June 10, 2013

The State Of The "Game Industry" Going Into E3 2013


Yup, not that I’m doing a prediction post or anything, I’d just like to talk about the state of the "game industry” going into this year’s E3.  I’m only for Nintendo, but I still like to see what the competition is doing since I work in video games and it’s good to know these things

Before I begin, I’m not under the blanket label of what most people in the “industry” (the console makers, the publishers, developers, retailers & gaming journalists) or even those outside the industry (mainstream media and gamers themselves) call either a casual or hardcore gamer.  I don’t like labels to begin with but those two are particularly stupid as it does nothing to define the person or define the types of games they like.  Those lame terms were made up and spewed about the industry as a way to excuse away the success of the Wii with expanding the market, a market that the industry itself was shrinking.  That’s a whole other topic altogether, the point is, most people like to simply label things with easy defining names so that they can name it, excuse it away and then move on, like as if to ignore it altogether.

If you play games, you’re a “gamer” but ultimately, we have opinions, preferences, biases and due to that: agenda’s.  Mine would defiantly be a skewed towards Nintendo, sure, but that doesn’t make me a “casual” gamer any more than if a person preferred Sony/Microsoft consoles being “hardcore” gamers.  Most people really make a lot of assumptions based on those labels and that’s really ignorant.  Not all hardcore gamers like shooters ‘cos you know what…there’s no such thing as a one-size-fits-all hardcore gamer.  Likewise, not all casual gamers play cellphone games…they don’t ‘cos there’s literally no such thing as a casual gamer.  What’s a casual game…Tetris?  Well I know several people who play that game pretty hardcore.  What’s a hardcore game…Call Of Duty?  Well I personally play that game casually, as in lightly from time to time.

I’m getting off topic here as I’m trying to talk about the state of the industry going into E3.  The industry pandering to the broken ideas of casual vs hardcore is just one of the many problems with the state it’s in.  If you want to read more about this I’ll make more posts about it later, in the mean time I’ll put a link at the bottom of this post to Sean Malstrom’s blog as he’s written extensively on that and many other worthwhile topics about video games and such.  Anyways, the industry’s current state is not very good.  Of course gamers take direct offence to that ‘cos they see how much time/money they spend on their hobby and they think: “How in the hell could the industry be hurting?”

Well it is, BADLY…the numbers don’t lie…year on year everything is down across the board.  Do the research yourself.  In this last generation we’ve seen huge mergers of former rivals to weather the storms, tons of layoff’s and whole development studios shut down, smaller publishers either falling off the map or getting gobbled up by bigger ones, even large publishers being dismantled, console manufacturer’s going for behemoth hardware sold at huge losses that they’re only just now making their money back on, a prolonged hardware cycle to help ease the pain of those losses, after the highs of the previous generation gaming journalism had their own TV station, big publications like EGM & Nintendo Power magazines…now, that’s all gone and they’re relegated to low-budget web vlog’s, even GameStop who was arguably making the most off this last generation is considering closing stores, publishers trying to cash in on the “casual” fallacy losing their asses in the end ‘cos that bubble burst a while ago yet they still talk about it like it’s still okay, rising development costs that go for the chasing Hollywood AAA business models when actually one game could make or break your whole company, etc.  On and on the list goes and yes, there’s been good games and success stories, but overall the industry is hurting.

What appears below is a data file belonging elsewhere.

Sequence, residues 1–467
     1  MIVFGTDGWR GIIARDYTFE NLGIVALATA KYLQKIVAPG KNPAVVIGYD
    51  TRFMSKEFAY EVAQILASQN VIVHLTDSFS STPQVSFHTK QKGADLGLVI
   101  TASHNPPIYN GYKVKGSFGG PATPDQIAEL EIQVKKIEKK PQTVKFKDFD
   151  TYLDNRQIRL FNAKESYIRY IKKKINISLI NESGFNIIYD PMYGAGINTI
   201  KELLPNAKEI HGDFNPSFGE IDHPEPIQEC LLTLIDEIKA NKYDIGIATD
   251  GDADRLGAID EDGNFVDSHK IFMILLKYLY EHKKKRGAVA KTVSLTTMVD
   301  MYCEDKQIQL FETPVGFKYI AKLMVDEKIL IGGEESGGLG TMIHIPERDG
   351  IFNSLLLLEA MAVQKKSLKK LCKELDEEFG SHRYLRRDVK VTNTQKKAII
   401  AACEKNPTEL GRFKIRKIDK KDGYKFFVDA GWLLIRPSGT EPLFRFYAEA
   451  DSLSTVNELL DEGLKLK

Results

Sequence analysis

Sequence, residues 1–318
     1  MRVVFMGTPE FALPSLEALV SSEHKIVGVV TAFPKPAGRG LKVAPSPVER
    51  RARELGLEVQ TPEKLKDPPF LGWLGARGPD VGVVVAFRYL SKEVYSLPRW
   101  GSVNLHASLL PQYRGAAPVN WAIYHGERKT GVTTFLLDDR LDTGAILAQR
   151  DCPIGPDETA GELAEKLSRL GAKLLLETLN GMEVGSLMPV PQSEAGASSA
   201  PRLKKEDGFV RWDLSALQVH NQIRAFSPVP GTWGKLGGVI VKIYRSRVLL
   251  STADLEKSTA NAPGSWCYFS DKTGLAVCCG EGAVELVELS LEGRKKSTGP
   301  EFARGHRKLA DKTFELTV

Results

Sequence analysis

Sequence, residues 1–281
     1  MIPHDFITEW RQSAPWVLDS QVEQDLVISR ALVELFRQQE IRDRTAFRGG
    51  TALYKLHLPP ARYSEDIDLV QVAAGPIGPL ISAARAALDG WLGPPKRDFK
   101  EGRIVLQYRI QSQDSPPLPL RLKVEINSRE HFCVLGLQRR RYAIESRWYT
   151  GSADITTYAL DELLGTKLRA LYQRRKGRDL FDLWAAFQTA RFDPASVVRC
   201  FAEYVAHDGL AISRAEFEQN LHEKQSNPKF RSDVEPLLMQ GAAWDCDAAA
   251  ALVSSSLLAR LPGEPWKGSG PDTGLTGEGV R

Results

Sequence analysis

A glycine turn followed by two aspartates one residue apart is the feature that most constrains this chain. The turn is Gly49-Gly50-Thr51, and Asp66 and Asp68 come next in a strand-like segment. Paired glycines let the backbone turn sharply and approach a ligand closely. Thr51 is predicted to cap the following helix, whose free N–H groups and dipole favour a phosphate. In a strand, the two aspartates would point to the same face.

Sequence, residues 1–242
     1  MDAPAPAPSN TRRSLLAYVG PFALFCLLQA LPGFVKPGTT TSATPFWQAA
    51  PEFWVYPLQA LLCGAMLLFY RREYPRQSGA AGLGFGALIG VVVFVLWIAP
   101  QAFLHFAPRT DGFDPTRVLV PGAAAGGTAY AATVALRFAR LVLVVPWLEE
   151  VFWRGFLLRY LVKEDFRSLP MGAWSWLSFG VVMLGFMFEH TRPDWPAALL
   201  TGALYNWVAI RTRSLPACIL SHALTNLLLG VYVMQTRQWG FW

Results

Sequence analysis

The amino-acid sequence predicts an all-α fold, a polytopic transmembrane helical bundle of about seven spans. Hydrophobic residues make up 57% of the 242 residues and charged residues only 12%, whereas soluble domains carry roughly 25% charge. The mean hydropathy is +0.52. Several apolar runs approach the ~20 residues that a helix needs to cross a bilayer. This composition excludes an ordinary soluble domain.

Nintendo foresaw this decline, that’s why they made the Wii (codenamed Revolution for a reason) to fight disinterred, to keep development budgets under control, costs down and to ultimatly expand the market beyond the declining state it was in…but the industry shunned it despite it selling out for 3 years straight ‘cos they had invested so much on the HD generation (PS3 & XBOX 360) that they couldn’t switch gears and catch the next big thing.  So, since they missed it, they’re going to act like it didn’t matter, mislabel it as some casual fad and ignore it even to their detriment.  They left money on the table!  They used the quick careless cash-ins they made on Wii games to fund their huge HD projects on other systems.  Even Nintendo fell for the self-fulfilling prophecy the industry was spewing about the Wii and stopped thinking disruptively (which is how the Wii had done so well, ‘cos it was going against the industry’s ideals) and started thinking like everyone else by making “hardcore” and/or industry-like games.